MJ: This was one of the hardest aspects of researching the book for me. What we see in letters between women—and oddly, especially in letters deliberately written for publication in the feminist press—is often frighteningly challenging and angry. Exchanges between women who felt excluded from the Seneca Women’s Encampment for Peace and Justice or uncared for in their disability, letters from love affairs that break up over ethnic difference, and resignation letters—these texts are not just about identity politics but about covert expectations that women would meet one another’s needs in a way that men had not. As such, they suggest that the association of women with an ethics of care itself—particularly in the formulations of philosophers like Carol Gilligan and Nel Noddings—was of its time, part of a dream of sisterhood and a moment in the complex life cycle of a social movement. Audre Lorde’s “Open Letter to Mary Daly” is a famous case. This text has been seen as a turning point for African American feminists in articulating women’s differences and white women’s racism, but I argue that it is also about need and desire. At the other end of the spectrum, women who navigate sexual relationships with men often record quite tortuous negotiations, sometimes ending in dramatic “last letters.” Ironically, it is these sadder letters that show how important it is still for us to find a balance between women’s autonomy and the need not only to be cared for but also to care for others.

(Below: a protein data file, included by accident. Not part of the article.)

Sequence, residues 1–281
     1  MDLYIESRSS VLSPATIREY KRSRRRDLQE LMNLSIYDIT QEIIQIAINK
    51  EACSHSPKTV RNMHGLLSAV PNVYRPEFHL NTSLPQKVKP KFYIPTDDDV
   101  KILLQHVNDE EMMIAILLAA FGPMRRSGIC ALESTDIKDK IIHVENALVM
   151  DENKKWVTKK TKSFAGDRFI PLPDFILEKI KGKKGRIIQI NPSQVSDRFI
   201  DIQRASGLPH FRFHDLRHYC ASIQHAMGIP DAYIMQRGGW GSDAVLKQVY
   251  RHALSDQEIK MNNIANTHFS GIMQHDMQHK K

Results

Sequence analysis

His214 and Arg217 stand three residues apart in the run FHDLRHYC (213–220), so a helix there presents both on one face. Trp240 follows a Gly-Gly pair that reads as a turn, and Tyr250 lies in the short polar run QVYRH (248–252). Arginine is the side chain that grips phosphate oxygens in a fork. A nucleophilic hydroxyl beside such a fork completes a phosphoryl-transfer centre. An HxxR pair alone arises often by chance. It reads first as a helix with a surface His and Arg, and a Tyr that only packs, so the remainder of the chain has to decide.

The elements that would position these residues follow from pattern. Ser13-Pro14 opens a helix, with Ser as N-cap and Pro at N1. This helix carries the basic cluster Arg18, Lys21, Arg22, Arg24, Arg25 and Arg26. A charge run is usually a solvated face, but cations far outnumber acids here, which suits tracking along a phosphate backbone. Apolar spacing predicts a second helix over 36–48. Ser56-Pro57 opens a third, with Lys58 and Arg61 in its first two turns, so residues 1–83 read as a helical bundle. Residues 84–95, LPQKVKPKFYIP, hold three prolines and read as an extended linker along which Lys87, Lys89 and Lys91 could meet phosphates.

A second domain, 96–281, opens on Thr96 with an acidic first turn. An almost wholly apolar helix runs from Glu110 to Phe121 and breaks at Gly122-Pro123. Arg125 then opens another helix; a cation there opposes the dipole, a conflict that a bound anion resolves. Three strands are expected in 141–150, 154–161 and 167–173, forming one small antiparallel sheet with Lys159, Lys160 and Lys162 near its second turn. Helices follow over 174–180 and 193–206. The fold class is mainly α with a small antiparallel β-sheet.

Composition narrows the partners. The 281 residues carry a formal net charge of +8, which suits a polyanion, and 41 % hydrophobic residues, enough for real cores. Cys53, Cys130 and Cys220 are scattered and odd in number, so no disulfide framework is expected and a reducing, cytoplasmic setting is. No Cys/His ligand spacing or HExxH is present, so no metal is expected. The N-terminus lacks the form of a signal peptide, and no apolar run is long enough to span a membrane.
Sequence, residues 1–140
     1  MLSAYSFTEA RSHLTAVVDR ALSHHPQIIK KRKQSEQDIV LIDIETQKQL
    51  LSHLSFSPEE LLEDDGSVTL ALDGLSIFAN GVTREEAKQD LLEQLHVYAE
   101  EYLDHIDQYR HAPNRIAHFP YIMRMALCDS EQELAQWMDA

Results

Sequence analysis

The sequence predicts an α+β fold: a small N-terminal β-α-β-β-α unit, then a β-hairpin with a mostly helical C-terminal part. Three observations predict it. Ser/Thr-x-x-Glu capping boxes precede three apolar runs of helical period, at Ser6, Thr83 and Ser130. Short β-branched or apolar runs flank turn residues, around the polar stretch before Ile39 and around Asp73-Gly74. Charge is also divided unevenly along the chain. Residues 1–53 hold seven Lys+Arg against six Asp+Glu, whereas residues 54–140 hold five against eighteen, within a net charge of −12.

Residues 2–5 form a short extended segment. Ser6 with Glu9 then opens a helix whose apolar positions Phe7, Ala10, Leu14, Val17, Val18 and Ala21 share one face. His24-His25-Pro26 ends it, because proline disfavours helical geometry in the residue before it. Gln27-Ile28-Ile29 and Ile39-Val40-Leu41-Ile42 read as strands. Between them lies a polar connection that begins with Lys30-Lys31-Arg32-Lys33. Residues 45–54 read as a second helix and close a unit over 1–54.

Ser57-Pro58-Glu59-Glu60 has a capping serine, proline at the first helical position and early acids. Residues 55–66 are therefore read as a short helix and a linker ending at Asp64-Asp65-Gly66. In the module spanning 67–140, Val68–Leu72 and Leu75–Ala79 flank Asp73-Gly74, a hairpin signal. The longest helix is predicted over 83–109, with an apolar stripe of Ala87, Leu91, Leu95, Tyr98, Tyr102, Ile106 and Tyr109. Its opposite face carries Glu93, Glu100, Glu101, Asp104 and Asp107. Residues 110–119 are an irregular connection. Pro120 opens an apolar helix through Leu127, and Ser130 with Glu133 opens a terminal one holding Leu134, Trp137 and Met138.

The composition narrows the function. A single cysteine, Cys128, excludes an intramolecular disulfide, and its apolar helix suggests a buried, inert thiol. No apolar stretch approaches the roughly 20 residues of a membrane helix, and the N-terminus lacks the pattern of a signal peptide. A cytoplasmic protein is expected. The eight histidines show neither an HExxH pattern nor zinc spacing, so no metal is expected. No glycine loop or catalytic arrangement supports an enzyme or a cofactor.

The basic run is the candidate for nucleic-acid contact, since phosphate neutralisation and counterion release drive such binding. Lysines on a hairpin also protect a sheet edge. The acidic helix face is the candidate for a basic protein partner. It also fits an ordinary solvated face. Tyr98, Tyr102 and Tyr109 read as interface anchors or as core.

Q: It sounds as if you had to delve into some very personal territory. Who was willing to share such personal archives?